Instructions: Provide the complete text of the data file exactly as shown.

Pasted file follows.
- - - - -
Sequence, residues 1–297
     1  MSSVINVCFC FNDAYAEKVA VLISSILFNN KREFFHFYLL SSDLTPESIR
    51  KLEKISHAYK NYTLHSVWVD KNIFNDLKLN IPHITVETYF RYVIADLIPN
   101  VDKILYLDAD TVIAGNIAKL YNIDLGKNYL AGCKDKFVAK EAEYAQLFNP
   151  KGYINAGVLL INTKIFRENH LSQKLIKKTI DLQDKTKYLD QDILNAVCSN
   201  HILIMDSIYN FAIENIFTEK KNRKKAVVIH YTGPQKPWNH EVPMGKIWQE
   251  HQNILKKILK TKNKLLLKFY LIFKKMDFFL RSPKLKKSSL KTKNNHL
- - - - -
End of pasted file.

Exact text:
Sequence, residues 1–297
     1  MSSVINVCFC FNDAYAEKVA VLISSILFNN KREFFHFYLL SSDLTPESIR
    51  KLEKISHAYK NYTLHSVWVD KNIFNDLKLN IPHITVETYF RYVIADLIPN
   101  VDKILYLDAD TVIAGNIAKL YNIDLGKNYL AGCKDKFVAK EAEYAQLFNP
   151  KGYINAGVLL INTKIFRENH LSQKLIKKTI DLQDKTKYLD QDILNAVCSN
   201  HILIMDSIYN FAIENIFTEK KNRKKAVVIH YTGPQKPWNH EVPMGKIWQE
   251  HQNILKKILK TKNKLLLKFY LIFKKMDFFL RSPKLKKSSL KTKNNHL